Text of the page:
The Holy Days of Christendom no longer mark the progress of our time. Once church bells tolled the hours of the day, and holidays told the story of the year. There were four Sundays of Advent; 12 days of Christmas celebration, December 25-January 5; and then there was the Day of Epiphany, January 6. This was the day of the star and the Wisemen.
One might long for a simpler, more “Christian” time, but truth be told the Bible story differs from the tradition it has become. Matthew 1 does not speak of kings, but of “Magi.” These visitors were important not because of their political standing or power, but because of their learning and “other-ness.” Magi were scholars, practitioners of “Zoroastrianism” (astrology.) The mystery is that they, through faulty means of revelation, both knew about and came to honor the birth of Jesus while Israel’s own king, Herod, did not. It is a strange and disturbing contrast. Foreigners respected God’s miracle. The government sought to destroy it.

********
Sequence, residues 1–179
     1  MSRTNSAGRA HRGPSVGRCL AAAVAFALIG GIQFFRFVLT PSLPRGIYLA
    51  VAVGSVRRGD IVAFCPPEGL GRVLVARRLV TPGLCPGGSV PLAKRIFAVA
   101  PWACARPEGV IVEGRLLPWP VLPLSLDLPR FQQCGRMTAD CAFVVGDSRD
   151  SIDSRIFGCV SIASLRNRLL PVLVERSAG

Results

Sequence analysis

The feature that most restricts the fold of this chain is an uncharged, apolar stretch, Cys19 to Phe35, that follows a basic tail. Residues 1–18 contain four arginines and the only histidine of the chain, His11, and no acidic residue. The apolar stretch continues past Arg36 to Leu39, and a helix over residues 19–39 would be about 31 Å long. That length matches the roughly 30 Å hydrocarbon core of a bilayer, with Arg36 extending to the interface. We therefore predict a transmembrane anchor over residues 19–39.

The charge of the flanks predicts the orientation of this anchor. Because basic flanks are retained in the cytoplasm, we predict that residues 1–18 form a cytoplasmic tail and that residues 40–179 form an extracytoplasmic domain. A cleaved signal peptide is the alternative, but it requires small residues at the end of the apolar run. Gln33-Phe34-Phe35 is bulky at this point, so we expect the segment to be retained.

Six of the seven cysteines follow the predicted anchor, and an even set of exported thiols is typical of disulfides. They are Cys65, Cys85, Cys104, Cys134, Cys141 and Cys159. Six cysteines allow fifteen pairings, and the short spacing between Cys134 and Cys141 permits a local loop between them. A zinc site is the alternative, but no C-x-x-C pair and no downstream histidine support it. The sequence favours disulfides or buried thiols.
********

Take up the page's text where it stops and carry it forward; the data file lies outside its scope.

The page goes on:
It does not matter by what means you come to know about Jesus. It does not matter who you are or how you worship. What matters is that God is up to something wonderful. Christmas has signaled a new relationship between God and humanity, a relationship of love, vulnerability and presence. The Gospel of Matthew shows us two ways that people responded. One was respect and awe. The other was murder born of jealousy. The core question, of course, is how we choose to respond today. Humility and thankfulness would seem to be the greater gift.
Let’s do that!
Bp. Dave Brauer-Rieke